It was a regular morning at the Davidson Farmer’s Market. I was deep into my Saturday routine, making rounds to pick up my weekly haul, visiting with my favorite farmers. A couple booths down, I noticed a sizeable crowd gathered around a table, and an imposing woman, a new vendor I had never seen, with short, reddish hair neatly spiked carefully describing her items to the hungry group shuffling politely about each other, vying for a spot at her table.
I had to see what all the fuss was about.
I waited my turn to approach the booth and discovered a vast spread of artisanal goat cheeses for sampling. This wasn’t just any goat cheese either. This was Suzanne Levesque’s labor of love made from fresh goat milk produced on her farm, Cheval Farmstead Dairy.
The cheeses had names like the Avalon and the Peachtree. There was goat cheese wrapped in brandy-soaked fig leaves. There was wasabi-infused goat cheese with local honey rolled in black sesame seeds and medallions paired with fresh mango and ginger. I opted for the Peachtree, a traditional French style cheese rolled in fresh rosemary. Right then and there, I decided, I needed to know this goat lady.
Suzanne was gracious enough to have me out to her farm, a small farmstead dairy in Vale, N.C., about an hour west from Charlotte, where she lives and works with her husband, Jeff. For the last eight years, they have been farming goats, first in Hudson Valley, New York and now in Vale.
I arrived to find Suzanne cleaning the stalls in one of three old poultry barns that house the goats. She was sweetly chiding the newly weaned kids who were pleading for more milk, “No more baba for you.”
Curious and alert, the goats, mostly Alpine and Nigerian Dwarf varieties, gathered around to scope out the newcomer. Suzanne made her rounds, calling each by name (Juliet, Bebe, Sam, Dean, Sophia, Cowboy, Bailey) carrying on conversation while I followed. When we got to the milking parlor, Jeff was seated inside chatting with one of the girls.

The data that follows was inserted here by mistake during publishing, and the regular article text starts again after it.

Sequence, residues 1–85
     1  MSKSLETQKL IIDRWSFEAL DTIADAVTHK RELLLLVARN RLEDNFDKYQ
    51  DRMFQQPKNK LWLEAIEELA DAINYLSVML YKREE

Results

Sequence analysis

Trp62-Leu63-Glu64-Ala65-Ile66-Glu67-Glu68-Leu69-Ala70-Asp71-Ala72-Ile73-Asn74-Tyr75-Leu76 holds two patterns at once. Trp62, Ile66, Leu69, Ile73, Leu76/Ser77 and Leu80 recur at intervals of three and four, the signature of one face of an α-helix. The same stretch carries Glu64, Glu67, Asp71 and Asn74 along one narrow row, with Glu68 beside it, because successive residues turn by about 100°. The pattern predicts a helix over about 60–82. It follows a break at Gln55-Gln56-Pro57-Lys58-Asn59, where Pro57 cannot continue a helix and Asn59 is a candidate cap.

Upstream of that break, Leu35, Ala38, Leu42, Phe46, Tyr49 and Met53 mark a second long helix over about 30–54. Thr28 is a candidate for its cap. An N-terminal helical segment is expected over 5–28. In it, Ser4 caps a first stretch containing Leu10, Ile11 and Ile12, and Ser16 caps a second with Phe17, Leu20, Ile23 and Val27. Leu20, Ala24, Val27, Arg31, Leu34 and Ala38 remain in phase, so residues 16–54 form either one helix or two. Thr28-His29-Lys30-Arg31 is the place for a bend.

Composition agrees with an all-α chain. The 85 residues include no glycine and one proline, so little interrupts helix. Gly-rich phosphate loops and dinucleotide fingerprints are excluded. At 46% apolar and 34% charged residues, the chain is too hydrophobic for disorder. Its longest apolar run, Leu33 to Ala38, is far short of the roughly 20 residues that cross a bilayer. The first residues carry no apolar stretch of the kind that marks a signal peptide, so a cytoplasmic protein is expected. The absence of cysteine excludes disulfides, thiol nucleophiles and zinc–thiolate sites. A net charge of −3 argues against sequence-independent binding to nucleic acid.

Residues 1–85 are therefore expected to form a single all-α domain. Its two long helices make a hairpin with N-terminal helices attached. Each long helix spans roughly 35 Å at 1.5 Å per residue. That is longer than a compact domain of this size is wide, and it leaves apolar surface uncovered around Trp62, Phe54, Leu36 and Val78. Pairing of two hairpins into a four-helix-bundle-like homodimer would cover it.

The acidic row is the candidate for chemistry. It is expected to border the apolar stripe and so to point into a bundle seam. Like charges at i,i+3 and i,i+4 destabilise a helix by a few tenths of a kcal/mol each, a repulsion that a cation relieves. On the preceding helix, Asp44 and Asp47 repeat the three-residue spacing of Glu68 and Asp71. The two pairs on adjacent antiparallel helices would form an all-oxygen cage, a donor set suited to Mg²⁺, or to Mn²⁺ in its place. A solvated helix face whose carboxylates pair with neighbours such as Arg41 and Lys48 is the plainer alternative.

“Alright, Lily, good girl” The door would swing open and Jeff would call the next girl in, “Come on up, Annette.” By this time, I was astounded at the intimacy with which both Jeff and Suzanne knew and cared for their goats. They knew each one, all ninety of them, by name.
Jeff milks about 35 goats each day, providing Suzanne with approximately five gallons of fresh goat milk to make her artisanal cheese. Jeff passes the milk through a trap door from the parlor to the top-secret (and uber-sterile) cheese room where the magic happens.
Suzanne grew up around food, with a big French Family in a small town outside of Montreal. Her fondest memories are tied to the culinary whims of her mother, pastries and pies filled with whatever fruit was growing at the time. Her grandmother made artisanal doughnuts “just because” and cheese was in their blood.
“I get all my roots from farming and making food,” she says with a smile.
That day, I spent nearly two hours talking with Suzanne who, after tending to the farm, still had a good six hours of cheesemaking ahead of her to prepare for the Hickory Farmer’s Market which she attends on Wednesdays.
She introduced me to Pretty Ricky, a golden buck who is, apparently, a big hit with the ladies. After that she invited me to pick blueberries because there were too many for her and Jeff to eat and she showed me the fig tree where she harvests the leaves to soak in brandy for her Avalon cheese.
Just then, the mail lady pulled up and chatted with Suzanne about the wonders of her handmade goat’s milk soap. So far, it has been the only thing to relieve her extremely allergic skin. I left with an unexpected pound of blueberries and a mason jar full of her goat cheese medley, medallions of goat cheese marinated in extra virgin olive oil, with fresh garlic, peppers, olives, rosemary and homemade pesto. With the first bite, you can tell it’s made with love.
After visiting Cheval Farmstead Dairy, I can tell you, it most certainly is.
Find Cheval artisanal goat cheese at Reid's Fine Foods in Myers Park and at the Davidson Farmer's Market every Saturday from 8 a.m. until noon.
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